I feel like this concept is also true for families as a whole. When kids see mom and dad fully connecting with life around them, they are much more likely to want to do the same. Kids who are thriving in their second cultures seem to do so when they are most fulling experiencing that culture. This can be hard for parents because sometimes it might require us to make decisions that just might break our own rules. Called to homeschool? Might have to sacrifice that for a season so kids can be in a school that exposes them to the language their family is learning.. 8:00 PM bedtime? Maybe not if the culture you live in comes alive at 10 PM. So how does all this relate to language learning? It's these decisions that we make as individuals or as families that effect our ability to fully absorb the language and culture around us that will truly make a different on the days when we're just ready to throw in the towel. Remember God called you to this place (I'm preaching to myself here!) and is fully aware of your families needs and dynamics- trust Him with these details! When things get tough, and we want to retreat into our comfort bubble and surround ourselves with what's safe and known, we're far less likely to want to jump on the next plane to the US if we have invested in the language and the culture around us, and our safe place involves local friends, those who we can converse with in their heart language so that our hearts are more fully understood. It's far easier to not just survive but thrive in the place where you are called to serve, if you are able to connect on an emotional level with locals around you. Complicated? Definitely! Worth the sacrifice? Undoubtedly!
3. Language learning enables me to be a better "stay home mom" Again, huh? Ok, so maybe it's better to say that language learning enables me to better fulfill my calling as a wife and mom. It may seem a bit counterintuitive to say that language learning and being a "stay home mom" can go hand in hand. I think the two can co-exist but a season of sacrifice is definitely required. To fully and effectively study the Arabic language, if you have small children, there will undoubtedly be a season of childcare, or house help or whatever the case may be for each family. In our stint overseas, I've had to remind myself time and again, that God called us as a family and will therefore meet our families needs while enabling us to do the tasks He's called us to. It was heart-wrenching to drop my 4 year old off day in and day out at a French school where she understood not a word and stubbornly refused to even try to make friends so that I could go to language classes. Looking back was it worth it? Yep, and I would even do it again. Why? Because God told me to do it and lovingly told me to trust Him with her. Now, 10 years later, we all laugh about it, and she has a very solid foundation in French. Of course, each family's situation is unique, however what I've learned is to look at things in seasons. Yes, God has called me to be a stay home mom, to be the primary care-giver for my children, and yes, he's also called me to a life overseas where, to be most effective, I need to study the language and culture at a pretty in-depth level. How do these 2 things coincide? I must regularly trust Him with the details of that. There may be a season where I am in class and my girls are in school and/or childcare. For another season I might can study at home and juggle our other family needs around that.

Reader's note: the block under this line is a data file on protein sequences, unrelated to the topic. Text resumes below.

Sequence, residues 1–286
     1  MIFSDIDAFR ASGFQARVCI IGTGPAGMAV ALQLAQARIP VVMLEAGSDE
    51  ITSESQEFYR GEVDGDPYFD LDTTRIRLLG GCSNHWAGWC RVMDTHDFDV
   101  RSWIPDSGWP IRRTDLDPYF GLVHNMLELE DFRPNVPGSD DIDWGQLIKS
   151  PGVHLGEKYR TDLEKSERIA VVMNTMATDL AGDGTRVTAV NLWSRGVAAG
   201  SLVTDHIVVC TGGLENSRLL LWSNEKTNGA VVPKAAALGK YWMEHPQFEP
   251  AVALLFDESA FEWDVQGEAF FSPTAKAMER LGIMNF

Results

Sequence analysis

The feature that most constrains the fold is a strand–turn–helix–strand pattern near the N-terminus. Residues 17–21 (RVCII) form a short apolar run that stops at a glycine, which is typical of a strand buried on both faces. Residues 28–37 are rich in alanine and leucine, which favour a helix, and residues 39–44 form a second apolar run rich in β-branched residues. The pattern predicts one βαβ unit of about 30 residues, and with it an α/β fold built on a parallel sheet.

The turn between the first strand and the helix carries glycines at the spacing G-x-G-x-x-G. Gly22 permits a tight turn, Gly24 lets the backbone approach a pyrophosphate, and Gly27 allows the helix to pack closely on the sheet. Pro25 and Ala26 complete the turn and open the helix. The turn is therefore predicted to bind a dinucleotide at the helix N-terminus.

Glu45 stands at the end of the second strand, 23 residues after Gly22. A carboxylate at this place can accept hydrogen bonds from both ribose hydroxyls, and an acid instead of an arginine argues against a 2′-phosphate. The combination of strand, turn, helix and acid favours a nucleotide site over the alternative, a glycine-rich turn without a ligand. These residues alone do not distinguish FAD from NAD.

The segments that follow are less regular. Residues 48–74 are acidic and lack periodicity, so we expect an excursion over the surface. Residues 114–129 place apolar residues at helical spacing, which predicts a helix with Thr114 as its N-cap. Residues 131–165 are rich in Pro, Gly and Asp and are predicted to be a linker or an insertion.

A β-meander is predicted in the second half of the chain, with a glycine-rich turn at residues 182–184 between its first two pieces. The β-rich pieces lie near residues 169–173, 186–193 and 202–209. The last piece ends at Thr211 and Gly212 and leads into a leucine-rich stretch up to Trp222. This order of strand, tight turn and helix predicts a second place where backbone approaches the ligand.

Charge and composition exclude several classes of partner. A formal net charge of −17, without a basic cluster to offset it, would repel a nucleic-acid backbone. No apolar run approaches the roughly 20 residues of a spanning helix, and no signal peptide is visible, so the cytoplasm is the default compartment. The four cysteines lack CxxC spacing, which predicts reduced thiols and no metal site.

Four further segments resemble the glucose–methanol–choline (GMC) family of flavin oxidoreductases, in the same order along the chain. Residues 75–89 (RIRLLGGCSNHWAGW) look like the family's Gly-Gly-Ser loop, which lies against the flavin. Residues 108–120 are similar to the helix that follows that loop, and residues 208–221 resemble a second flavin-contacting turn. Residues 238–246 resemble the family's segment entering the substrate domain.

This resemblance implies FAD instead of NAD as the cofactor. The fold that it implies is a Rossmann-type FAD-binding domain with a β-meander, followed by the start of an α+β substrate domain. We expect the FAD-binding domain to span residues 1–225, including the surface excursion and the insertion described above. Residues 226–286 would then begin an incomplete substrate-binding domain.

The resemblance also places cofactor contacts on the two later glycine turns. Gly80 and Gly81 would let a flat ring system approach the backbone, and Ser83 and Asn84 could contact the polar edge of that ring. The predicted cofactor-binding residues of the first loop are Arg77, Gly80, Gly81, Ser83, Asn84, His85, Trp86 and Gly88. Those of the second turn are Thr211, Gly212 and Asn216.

For me, being a stay home mom means that I (along with Jason) am the primary caregiver for my girls and we are the primary sources for meeting their emotional, spiritual and developmental needs. This is a precious calling and I don't take it lightly. Planting our family overseas is also a calling and learning to communicate and function effectively in this culture is part of that calling. Sometimes there is a tension between these two callings, but I think it's a healthy tension. Teaching our girls to embrace other cultures and learn something beyond their comfort zone is so important in giving them a heart for the nations. Being called to be their mom and being called to this life overseas, means that I must teach them by example how important language learning is. If I want them to learn how to be "all in" in the place where God has placed us, what better way to do than by placing value on the ability to communicate at a heart level with those we live among. Discipling them by making them a part of our ministry as a family; explaining that mom is studying Arabic so that our family can more effectively fulfill our calling here in this place; choosing school situations that expose them to more language and culture and therefore putting in more hours at home to stay caught up in English; all of these things are things I can do as mom to teach the value of language learning. In this season of my life, I am so amazingly thankful that God is showing me how language learning is something that helps me fulfill my role as mom. Isn't that just like Him, to know just what my heart needs?!
" Whatever you do, work at it with all your heart, as working for the Lord, not for men, since you know that you will receive an inheritance from the Lord as a reward. It is the Lord Christ you are serving."